Cognitive and embodied mapping of data: an examination of children’s spatial thinking in data physicalization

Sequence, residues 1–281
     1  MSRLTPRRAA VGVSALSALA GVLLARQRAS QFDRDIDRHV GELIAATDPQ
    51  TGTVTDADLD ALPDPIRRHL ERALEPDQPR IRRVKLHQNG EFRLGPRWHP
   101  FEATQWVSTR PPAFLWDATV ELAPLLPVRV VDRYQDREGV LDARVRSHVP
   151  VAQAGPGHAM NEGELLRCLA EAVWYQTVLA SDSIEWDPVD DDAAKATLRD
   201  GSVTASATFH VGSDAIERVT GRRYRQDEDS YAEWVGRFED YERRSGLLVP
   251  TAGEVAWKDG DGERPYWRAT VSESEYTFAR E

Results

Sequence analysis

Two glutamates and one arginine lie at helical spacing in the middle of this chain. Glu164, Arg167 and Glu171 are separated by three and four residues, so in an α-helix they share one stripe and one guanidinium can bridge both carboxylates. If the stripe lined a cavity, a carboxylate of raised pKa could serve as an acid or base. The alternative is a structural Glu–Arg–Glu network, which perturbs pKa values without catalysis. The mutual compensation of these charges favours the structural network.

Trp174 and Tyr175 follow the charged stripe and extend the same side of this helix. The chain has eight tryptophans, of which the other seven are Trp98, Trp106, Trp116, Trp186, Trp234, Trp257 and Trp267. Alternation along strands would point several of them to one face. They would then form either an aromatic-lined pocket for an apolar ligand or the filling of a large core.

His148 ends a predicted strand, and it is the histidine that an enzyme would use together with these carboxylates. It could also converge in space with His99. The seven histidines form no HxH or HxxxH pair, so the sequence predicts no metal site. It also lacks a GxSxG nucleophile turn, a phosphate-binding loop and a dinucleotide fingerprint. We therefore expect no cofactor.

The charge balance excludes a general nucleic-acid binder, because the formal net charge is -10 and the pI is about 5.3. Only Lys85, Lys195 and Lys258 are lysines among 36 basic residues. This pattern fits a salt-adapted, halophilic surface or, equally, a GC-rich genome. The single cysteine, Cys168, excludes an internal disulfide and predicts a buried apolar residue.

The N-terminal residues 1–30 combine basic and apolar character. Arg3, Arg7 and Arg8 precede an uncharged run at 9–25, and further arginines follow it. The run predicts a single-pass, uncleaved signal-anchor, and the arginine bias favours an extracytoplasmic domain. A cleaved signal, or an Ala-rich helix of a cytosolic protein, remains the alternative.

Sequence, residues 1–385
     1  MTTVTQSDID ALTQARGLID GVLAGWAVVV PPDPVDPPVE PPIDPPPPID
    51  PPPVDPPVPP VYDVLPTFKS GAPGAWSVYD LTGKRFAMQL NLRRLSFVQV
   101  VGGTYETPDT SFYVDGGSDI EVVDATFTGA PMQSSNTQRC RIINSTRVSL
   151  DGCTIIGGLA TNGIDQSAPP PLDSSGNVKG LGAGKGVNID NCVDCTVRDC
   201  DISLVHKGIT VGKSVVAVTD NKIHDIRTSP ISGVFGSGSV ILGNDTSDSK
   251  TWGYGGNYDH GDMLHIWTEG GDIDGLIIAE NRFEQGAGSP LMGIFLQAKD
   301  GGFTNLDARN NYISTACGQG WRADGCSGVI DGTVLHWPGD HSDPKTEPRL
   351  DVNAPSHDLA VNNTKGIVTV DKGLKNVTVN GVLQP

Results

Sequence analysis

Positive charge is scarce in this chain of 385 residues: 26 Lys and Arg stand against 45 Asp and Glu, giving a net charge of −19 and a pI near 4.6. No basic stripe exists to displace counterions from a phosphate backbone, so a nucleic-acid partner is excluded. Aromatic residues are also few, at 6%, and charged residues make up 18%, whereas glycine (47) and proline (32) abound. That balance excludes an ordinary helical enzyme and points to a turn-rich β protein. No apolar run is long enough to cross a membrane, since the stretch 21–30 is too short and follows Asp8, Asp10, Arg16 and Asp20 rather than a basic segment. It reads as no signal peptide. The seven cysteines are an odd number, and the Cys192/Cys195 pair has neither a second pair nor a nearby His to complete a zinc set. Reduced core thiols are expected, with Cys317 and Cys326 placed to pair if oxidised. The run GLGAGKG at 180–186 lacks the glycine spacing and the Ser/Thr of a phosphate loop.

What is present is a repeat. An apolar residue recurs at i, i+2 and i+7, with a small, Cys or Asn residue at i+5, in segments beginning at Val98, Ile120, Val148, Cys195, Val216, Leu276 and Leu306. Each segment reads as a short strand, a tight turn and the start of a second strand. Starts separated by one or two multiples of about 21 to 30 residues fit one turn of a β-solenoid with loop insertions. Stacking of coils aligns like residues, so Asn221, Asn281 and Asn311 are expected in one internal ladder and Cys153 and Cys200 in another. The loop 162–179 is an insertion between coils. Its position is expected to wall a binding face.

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Understanding and effectively using visual representations is important to learning science, technology, engineering, and mathematics (STEM). Various techniques to visualize information, such as two- and three-dimensional graphs, diagrams, and models, not only expand our capacity to work with different types of information but also actively recruit our visual–spatial thinking. Data physicalization is emerging as a beginner-friendly approach to construct information visualization. Mapping intangible data onto tangible artifacts that possess visual, spatial, and physical properties demands an interplay of spatial thinking and hands-on manipulation. Much existing literature has explored using formatted infographics to aid learning and spatial thinking development. However, there is limited insight into how children may leverage their spatial thinking to create information visualizations, particularly tangible ones. This case study documented the data physicalization activities organized in two design classrooms of an international school in Netherlands, with 37 children aged 11–12. Seven themes relevant to spatial thinking were identified from multimodal evidence gathered from the data physicalization artifacts, classroom videos and recordings of children’s making process, and semi-structured interviews with children. Our findings suggested that these children generated various ideas to create visual–spatial forms for data with the materials at hand, such as mapping quantities to tangible materials of different sizes, using spatial ordinal arrangement, and unitizing materials to set visual parameters. Meanwhile, they evaluated and adjusted the visual–spatial properties of these materials according to the numerical data they had, crafting feasibility, and others’ spatial perspectives. What was particularly interesting in our findings was children’s iteration on their visual–spatial understandings of the intangible numerical values and the tangible materials throughout the embodied making processes. Overall, this study illustrated the different types of spatial thinking children applied to create their data physicalizations and offered insights into how embodied experiences accompanying the open-ended visualization challenge allowed children to explore and construct spatial understandings.